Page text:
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Deconstructing Gehry's Awful New Paris Art Museum

The Louis Vuitton Foundation is a new high-profile cultural offering for the city of lights, but art's higher calling becomes just a tool of luxury promotion for the ultra-privileged.

Queuing in front of the Louis Vuitton foundation on opening day (Oct. 28)
Queuing in front of the Louis Vuitton foundation on opening day (Oct. 28)
Christophe Catsaros


PARIS — Though Frank Gehry"s new Paris jewel hasn't finished surprising us with superlatives, it's worth noting that the just unveiled contemporary art museum designed by the California architect also has its detractors. They point to the incoherence of its location in a ghetto of the rich, its gratuitous monumentality, its old-fashioned and reactionary cultural program, its astronomical budget overrun, and the excessive remuneration of the architect.

Certainly, benefactor Bernard Arnault has the right to do what he wants with the money he legally avoids paying French tax authorities. But that won't prevent us from questioning the relevance of his latest investment in the Louis Vuitton Foundation, as the new museum is called.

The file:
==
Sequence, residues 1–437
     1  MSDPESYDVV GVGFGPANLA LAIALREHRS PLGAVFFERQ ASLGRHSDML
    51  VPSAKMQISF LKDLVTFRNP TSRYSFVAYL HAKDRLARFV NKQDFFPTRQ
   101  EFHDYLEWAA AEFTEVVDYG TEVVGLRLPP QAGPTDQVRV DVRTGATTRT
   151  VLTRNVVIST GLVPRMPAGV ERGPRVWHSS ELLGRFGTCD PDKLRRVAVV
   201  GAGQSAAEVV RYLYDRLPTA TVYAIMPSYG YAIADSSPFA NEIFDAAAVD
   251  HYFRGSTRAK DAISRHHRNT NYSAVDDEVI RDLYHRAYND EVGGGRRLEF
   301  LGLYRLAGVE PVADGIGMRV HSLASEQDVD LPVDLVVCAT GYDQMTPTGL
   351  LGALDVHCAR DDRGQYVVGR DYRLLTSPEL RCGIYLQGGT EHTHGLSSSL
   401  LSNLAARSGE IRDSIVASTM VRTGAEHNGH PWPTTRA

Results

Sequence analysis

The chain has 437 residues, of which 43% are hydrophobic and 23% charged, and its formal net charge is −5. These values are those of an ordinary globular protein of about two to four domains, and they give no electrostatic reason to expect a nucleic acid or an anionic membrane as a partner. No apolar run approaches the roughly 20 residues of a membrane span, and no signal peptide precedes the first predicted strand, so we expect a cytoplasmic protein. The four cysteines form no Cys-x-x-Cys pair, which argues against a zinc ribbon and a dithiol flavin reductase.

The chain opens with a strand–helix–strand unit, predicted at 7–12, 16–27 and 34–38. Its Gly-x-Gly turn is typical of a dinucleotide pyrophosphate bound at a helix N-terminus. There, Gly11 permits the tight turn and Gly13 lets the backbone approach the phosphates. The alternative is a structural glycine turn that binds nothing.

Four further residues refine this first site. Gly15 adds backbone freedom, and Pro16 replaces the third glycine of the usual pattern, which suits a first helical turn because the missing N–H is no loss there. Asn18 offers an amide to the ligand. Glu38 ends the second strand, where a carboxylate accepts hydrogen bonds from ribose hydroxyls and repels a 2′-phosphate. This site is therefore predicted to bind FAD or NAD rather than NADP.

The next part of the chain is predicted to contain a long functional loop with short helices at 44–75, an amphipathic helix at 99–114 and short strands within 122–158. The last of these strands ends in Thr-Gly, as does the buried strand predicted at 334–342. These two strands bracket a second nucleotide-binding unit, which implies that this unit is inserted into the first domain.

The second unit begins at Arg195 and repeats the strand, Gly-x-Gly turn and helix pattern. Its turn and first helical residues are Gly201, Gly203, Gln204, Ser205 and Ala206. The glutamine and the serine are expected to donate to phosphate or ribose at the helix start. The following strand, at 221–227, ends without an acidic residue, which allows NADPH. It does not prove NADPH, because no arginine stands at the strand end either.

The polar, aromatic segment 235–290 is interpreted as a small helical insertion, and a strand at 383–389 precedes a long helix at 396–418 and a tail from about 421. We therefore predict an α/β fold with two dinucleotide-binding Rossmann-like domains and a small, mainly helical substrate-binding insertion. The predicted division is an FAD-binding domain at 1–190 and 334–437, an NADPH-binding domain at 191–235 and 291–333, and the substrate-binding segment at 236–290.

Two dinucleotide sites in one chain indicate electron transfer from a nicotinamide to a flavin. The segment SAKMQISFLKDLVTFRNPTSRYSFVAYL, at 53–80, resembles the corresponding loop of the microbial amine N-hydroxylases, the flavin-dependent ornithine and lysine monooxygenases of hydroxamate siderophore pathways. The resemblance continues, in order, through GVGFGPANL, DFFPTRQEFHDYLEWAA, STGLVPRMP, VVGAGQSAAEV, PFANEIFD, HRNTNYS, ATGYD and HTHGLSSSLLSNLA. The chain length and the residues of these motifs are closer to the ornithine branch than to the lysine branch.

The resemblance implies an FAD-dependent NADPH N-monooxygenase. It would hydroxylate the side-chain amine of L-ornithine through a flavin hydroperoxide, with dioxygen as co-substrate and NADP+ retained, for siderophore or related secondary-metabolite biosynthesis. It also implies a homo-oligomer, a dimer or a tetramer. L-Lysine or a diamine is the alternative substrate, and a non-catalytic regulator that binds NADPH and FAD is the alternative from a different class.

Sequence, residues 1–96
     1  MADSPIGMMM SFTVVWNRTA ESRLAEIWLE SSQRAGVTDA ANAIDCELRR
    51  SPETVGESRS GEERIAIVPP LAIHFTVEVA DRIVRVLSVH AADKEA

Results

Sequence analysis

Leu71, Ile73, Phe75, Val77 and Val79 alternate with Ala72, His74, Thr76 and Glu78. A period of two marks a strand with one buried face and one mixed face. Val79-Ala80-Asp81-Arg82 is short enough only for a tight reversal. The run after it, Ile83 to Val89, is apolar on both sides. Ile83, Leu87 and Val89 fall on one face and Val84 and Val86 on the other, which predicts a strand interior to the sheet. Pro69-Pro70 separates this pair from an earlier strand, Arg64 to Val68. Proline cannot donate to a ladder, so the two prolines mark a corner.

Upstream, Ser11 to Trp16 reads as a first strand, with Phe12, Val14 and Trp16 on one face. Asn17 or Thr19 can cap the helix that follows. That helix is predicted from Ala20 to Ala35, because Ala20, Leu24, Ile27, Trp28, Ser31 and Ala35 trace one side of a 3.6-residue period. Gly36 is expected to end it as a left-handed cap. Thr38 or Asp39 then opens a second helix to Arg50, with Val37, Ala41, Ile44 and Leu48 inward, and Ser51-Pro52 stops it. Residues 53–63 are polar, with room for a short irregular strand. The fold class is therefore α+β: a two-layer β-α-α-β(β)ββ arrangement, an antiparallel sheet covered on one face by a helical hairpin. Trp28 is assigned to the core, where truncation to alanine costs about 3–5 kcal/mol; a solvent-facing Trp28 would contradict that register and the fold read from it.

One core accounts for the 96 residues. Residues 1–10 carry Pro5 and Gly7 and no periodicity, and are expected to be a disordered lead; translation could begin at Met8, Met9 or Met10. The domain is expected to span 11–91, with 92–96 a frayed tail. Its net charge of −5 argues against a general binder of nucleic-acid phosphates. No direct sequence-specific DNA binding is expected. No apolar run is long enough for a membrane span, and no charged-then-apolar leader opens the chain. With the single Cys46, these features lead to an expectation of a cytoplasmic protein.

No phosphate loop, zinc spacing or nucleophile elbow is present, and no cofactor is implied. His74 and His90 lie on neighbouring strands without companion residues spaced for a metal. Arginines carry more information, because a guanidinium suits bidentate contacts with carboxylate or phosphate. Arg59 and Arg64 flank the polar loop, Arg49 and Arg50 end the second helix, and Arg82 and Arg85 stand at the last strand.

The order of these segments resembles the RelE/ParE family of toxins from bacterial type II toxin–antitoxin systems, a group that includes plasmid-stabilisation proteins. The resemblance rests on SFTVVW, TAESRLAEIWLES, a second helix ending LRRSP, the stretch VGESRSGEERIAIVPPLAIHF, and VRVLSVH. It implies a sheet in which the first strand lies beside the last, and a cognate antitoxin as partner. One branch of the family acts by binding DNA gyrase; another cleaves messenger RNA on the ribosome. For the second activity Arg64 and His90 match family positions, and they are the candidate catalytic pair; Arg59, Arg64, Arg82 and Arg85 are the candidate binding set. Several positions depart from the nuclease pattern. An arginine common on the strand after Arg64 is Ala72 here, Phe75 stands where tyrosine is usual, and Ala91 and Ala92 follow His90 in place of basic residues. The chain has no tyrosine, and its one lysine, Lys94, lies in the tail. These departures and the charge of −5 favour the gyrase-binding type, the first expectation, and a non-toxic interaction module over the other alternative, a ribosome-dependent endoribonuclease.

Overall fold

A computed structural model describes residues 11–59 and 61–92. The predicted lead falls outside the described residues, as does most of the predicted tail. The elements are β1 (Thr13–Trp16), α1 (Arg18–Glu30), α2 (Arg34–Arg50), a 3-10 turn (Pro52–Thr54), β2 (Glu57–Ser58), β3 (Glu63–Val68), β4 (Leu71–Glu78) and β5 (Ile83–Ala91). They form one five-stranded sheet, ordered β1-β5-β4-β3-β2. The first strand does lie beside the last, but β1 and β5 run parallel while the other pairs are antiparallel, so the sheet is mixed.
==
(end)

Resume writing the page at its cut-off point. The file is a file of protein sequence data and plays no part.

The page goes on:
According to Hal Foster, one of the most pertinent critics of Gehry's work, the American pioneer of deconstruction owes his architectural fame to the place he's forged for himself in a system ruled by self-congratulation, nepotism and collusion. From the undeniable innovator that he was in the 1980s, he has become in Foster's view an architect in the service of a certain kind of speculation at the crossroads of art and finance.

The foundation building, with its clever terracing, is ostensibly a deconstruction of the Parisian panorama — a fragmentation of the big picture, the parts ingeniously recomposed. Gehry's having drawn on a cubist-futurist aesthetic model is both a surprise and a disappointment. It's surprising because we'd like to see the connecting thread that goes from the constructivists to the critical deconstruction of the 1980s extended to include the deconstructions of late capitalism. Constructivism, which was political and subversive, was never mannered — but what Gehry does is.